Evidence Supporting the Proposed Change
According to Green and Johnson (2015), inter-professional collaboration is an incredible solution to a number of problems within the medical profession including medical errors and a generally better quality of a healthcare. Green and Johnson (2015) study focused on collaborative practice in a healthcare where various professionals in an organization work together in terms of not only sharing their skills and knowledge, but also supporting each other morally and as a team at all times. The researchers in this study found that working together as a team improved staff performance significantly. Initially, patients were unable to receive high-quality a healthcare owing to the fragmented nature of healthcare organizations. Green and Johnson (2015) cite an unspecified WHO research in which medical professionals who collaborate in the workplace have open minds and are more effective within complex work situations. This means that inter-professional collaboration will benefit both patients and practitioners. Working within a friendlier environment, in this case, is proven to be beneficial for the intellectual as well as motivational capacity of practitioners thus making them better healthcare providers.
Registered Nurse Association of Ontario (2013) is an insightful guide to inter-professional collaboration. In this guide, inter-professional collaboration is defined as a concept that involves enabling, enhancing, and sustaining teamwork across various professions within an organization (Registered Nurse Association of Ontario, 2013). Therefore, for one to get professionals to meaningfully work together, there is a need to come up with a structure that supports their interpersonal interactions. Healthcare organizations operate with numerous interdependent units that have specified roles within an organization. Their collaboration, however, ensures that a patient is able to receive high-quality healthcare since seamless operations not only shorten the amount of waiting time but also improve the efficiency of the whole process of caring for patients. According to this text, inter-professional collaboration also enables employee satisfaction by encouraging staff members to formulate and maintain healthy working relationships within an organization.
Bridges, Davidson, Odegard, Maki, and Tomkowiak (2011) defined collaborative education as a pillar of collaborative practice where students have to interact with other professions and get used to sharing information and working together in an inter-professional context. According to Bridges et al. (2011), complex medical issues require the collaboration of different professionals in the medical field, and unless these professionals are taught to work together while they are still students, getting them to collaborate in practice may be tricky. It is highly significant to consider that their varying backgrounds imply a wider scope of knowledge as related to a patient in question.
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Evaluating the Change
To evaluate this change, there is a need to consider two factors within an organization. Currently, staff members in different units within an organization keep to their units and only interact with other professionals within transactional contexts. The first point of evaluation should thus be on how well nurses are interacting with other professionals within an organization. To evaluate this, there is a need to find out how well nurses know members of other units. This can be clarified by asking nurses and other staff members random questions about their colleagues. The expectation here is that staff members would have to interact with their colleagues at a social level thus building and positively maintaining healthy working relationships throughout an organization. The expected outcome is an improvement in the inter-professional collaboration within an organization. This means that the indicators are employee engagement and patient satisfaction among other things. The main data, in this case, will be collected from hospital statistics on the level of efficiency experienced within an organization. If the change has had positive outcomes, patients will be effectively satisfied, as will staff members. A reduction in patient satisfaction and employee engagement will also indicate failure for this change. Stagnation in patient satisfaction and job satisfaction amongst medical professionals will also be an indication of failure considering that the change is aimed at improving the situation in an organization.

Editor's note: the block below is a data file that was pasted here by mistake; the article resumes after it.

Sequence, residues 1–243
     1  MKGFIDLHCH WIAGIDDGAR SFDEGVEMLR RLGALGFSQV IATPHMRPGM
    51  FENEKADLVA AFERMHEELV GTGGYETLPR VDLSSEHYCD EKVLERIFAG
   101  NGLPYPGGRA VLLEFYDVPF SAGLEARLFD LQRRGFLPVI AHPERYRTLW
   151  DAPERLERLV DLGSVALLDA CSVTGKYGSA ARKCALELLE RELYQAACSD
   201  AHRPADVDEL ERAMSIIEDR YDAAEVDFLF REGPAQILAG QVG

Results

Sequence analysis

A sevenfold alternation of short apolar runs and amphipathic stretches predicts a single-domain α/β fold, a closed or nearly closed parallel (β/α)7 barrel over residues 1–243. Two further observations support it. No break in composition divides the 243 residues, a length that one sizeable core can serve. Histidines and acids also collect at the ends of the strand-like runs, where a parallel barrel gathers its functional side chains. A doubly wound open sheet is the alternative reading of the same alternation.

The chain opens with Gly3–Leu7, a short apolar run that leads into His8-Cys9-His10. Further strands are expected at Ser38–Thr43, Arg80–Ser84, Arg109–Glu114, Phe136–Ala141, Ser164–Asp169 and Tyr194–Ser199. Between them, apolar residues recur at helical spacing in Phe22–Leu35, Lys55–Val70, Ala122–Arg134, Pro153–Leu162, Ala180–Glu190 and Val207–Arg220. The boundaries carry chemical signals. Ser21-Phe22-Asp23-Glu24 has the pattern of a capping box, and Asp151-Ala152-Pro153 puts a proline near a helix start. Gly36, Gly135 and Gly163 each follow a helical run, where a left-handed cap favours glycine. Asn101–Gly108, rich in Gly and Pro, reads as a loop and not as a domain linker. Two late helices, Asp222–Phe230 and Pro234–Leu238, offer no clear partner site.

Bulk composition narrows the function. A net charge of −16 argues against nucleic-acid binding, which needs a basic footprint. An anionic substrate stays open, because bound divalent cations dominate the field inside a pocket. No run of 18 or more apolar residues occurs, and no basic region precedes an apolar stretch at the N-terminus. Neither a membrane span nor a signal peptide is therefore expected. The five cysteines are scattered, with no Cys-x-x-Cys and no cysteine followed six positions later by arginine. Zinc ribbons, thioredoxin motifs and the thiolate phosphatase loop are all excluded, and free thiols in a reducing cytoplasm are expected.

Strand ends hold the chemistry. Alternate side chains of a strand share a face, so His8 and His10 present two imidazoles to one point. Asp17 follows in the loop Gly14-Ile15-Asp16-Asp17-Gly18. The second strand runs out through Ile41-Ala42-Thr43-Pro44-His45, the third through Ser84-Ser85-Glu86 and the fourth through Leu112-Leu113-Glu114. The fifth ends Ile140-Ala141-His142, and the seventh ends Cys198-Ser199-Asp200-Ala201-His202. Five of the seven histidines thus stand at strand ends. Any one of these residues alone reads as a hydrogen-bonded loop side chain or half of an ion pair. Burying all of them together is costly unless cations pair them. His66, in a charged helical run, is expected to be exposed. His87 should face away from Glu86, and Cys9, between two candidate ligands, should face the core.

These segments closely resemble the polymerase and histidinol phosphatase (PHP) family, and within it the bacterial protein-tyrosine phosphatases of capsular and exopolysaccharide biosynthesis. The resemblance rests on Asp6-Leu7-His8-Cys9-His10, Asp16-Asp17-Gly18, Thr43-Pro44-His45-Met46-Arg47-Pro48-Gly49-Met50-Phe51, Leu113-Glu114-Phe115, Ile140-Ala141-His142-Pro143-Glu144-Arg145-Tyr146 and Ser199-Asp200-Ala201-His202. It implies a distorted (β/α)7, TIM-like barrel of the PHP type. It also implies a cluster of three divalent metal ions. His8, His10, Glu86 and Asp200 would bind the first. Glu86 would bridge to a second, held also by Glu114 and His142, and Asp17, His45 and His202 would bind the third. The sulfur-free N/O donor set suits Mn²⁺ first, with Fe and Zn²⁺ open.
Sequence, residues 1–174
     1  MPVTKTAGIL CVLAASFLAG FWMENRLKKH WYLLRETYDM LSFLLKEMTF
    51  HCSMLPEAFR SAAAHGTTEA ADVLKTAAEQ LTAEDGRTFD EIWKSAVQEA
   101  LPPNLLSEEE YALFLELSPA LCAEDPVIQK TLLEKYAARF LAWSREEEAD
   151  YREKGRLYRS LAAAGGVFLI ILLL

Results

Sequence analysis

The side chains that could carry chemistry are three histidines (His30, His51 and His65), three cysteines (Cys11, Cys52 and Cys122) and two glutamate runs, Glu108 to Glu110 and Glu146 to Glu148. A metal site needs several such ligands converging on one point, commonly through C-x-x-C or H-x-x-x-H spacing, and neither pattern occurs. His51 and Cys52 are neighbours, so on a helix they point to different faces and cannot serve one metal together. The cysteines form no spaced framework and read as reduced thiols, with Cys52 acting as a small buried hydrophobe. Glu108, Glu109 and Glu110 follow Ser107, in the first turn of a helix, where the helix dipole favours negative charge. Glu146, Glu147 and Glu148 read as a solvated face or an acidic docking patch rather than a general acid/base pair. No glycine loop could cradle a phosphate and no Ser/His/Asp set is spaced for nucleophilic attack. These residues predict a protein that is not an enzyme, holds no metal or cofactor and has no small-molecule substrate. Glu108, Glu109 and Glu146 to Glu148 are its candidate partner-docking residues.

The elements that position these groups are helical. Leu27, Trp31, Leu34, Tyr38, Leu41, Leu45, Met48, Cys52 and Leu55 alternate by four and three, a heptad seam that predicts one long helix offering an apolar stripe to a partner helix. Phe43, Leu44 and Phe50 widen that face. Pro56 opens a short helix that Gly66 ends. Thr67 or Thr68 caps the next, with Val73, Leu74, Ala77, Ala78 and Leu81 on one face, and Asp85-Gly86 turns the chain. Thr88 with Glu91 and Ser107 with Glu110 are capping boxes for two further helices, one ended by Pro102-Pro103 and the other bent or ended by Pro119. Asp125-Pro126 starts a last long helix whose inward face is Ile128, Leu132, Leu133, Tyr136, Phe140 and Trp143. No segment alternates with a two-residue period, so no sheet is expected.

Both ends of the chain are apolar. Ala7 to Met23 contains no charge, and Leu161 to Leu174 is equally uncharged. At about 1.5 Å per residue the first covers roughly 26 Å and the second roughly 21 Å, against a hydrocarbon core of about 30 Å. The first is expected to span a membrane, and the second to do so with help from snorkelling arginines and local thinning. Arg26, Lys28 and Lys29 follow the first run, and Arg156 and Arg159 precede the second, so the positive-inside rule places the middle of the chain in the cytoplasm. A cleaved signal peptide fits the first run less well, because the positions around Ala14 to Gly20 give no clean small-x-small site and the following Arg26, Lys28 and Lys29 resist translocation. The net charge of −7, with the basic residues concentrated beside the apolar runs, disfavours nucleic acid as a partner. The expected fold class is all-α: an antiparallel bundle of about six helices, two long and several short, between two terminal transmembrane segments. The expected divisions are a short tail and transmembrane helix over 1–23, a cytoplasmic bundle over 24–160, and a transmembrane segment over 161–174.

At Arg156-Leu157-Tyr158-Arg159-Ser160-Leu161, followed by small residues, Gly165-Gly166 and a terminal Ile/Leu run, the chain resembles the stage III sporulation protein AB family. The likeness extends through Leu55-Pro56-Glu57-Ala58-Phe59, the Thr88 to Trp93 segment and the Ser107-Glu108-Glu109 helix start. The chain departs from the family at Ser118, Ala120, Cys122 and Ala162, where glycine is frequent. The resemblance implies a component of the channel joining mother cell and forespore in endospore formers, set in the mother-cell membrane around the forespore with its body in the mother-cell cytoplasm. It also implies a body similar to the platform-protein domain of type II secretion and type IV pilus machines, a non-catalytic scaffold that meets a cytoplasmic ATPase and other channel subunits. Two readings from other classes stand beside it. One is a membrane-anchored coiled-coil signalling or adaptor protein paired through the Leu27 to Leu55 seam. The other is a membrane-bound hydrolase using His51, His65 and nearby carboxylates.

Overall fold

There are quite a number of cases in which individuals within the medical profession are inhibited from professional excellence based on their inability to interact with professionals from other units within an organization. These limitations require a solution considering that they inhibit the delivery of high-quality care while also limiting the ability of a medical practitioner in terms of enjoying their work. The proposed change is mainly about implementing an inter-professional collaborative model that will allow staff members to interact beyond their professional units. This implies getting professionals within an organization to have normal conversations that are not entirely about work. Evidence shows that when the members of staff know each other within a social context they are more likely to enjoy working together. This means that helping professionals to interact with one another will improve their abilities within the medical practice by improving the efficiency of the medical team and the satisfaction of patients.